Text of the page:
Posts tagged China
[December 21, 2010]
Profile of China’s telecom industry in Jan-Nov
BEIJING, Dec 21, 2010 (Xinhua via COMTEX) — The following is a profile of China’s telecom industry from January to November of 2010: — Overview China’s telecom industry registered 2,815.28 billion yuan in business volume in January-November 2010, up 20.6 percent year on year. Its main operating turnovers totaled 819.03 billion yuan in the period, up 6.6 percent.
The following chart (Chart 1) shows the industry’s main operating turnover in 2007-2010.
— Subscribers The sector registered 6.506 million new phone subscribers in November, bringing the total number up to 1,148.628 million. The number of fixed phone users fell by 1.737 million, but that of mobile phone users grew 8.243 million in the month.
In the first eleven months of the year, the number of fixed phone users in China declined by 15.391 million to 298.341 million. The Personal Handyphone System users fell in number by 15.647 million to 30.347 million, with its proportion in fixed phone users dropping to 10.2 percent from 14.7 percent at the end of 2009.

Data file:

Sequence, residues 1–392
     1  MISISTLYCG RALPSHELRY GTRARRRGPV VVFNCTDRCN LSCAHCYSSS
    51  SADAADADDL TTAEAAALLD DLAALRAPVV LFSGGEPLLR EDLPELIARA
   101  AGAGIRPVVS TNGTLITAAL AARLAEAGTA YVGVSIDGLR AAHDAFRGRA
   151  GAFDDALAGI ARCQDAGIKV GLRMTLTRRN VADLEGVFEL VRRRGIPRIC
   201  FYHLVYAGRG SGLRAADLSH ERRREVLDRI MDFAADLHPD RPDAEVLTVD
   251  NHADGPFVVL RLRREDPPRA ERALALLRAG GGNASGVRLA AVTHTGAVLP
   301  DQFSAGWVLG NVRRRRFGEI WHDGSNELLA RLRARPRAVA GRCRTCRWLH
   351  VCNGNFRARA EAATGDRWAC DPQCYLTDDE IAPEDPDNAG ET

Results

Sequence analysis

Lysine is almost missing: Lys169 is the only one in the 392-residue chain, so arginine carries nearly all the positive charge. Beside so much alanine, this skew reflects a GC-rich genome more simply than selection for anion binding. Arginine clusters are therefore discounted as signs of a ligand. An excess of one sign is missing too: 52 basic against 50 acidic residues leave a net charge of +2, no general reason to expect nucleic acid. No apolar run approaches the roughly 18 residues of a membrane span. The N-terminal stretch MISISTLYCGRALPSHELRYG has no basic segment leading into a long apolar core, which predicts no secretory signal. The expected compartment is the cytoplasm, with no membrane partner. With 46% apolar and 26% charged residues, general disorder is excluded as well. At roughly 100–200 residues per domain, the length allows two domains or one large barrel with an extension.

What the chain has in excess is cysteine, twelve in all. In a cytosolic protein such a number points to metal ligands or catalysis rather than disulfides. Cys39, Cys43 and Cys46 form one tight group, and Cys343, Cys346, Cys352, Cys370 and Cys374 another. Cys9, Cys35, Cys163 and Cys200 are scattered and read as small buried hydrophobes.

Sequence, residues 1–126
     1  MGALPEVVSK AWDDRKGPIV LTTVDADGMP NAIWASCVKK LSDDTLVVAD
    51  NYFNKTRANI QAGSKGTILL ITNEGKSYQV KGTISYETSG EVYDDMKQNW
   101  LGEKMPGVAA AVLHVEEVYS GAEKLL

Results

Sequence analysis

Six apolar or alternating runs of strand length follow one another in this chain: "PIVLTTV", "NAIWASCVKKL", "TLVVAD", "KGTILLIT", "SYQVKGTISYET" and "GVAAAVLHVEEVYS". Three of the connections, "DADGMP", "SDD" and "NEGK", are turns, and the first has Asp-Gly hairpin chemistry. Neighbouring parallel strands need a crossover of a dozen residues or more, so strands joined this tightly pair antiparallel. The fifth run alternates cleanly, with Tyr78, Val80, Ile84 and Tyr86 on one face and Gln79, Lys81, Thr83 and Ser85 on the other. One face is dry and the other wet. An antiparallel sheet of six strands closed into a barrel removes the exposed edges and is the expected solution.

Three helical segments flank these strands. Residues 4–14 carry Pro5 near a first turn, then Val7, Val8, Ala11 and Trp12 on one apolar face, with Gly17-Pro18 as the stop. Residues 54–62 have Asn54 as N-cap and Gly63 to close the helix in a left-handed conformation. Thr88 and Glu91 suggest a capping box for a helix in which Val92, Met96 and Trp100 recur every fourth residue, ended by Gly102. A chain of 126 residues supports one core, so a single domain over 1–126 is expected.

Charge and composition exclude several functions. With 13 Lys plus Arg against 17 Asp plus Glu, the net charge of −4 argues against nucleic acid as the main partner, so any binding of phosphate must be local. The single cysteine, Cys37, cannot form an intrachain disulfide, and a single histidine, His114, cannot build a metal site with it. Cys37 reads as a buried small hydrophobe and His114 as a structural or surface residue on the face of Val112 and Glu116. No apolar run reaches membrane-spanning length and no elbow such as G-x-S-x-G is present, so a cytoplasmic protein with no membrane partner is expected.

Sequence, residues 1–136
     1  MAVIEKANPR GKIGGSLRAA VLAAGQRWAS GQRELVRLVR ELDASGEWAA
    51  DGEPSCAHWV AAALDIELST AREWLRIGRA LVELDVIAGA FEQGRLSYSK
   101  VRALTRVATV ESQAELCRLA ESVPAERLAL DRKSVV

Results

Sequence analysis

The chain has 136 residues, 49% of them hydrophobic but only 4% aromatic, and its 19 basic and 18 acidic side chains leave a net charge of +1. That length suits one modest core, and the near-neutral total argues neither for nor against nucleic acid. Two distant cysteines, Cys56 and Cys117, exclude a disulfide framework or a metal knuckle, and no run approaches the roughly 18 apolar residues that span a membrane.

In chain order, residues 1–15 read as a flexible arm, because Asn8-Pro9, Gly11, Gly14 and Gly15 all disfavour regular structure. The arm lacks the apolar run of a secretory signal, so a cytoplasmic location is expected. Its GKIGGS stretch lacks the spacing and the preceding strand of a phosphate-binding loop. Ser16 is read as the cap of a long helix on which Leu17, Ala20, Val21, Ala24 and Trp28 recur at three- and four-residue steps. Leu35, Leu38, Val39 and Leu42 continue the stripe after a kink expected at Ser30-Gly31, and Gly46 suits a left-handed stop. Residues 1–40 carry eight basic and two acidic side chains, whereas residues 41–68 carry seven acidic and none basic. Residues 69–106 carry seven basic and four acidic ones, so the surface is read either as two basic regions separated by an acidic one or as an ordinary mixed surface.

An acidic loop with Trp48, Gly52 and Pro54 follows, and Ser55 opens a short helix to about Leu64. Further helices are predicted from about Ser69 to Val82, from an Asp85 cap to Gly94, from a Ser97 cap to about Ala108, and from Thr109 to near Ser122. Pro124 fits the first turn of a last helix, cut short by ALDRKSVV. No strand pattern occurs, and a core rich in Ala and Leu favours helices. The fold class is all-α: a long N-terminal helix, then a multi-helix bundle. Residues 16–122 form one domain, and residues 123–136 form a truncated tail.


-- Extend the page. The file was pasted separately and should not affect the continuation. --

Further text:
The following Chart 2 shows the number of newly added fixed phone users in 2007-2010.
The number of mobile phone subscribers increased 103.073 million in the first eleven months, boosting the total number to 945.117 million.
The following Chart 3 shows detailed figures in 2007-2010.
More basic telecom operators’ Internet users have adopted broadband access services.
In January-November, the number of Internet broadband access users rose by 20.911 million to 124.889 million, while that of dial up Internet services retreated by 1.421 million.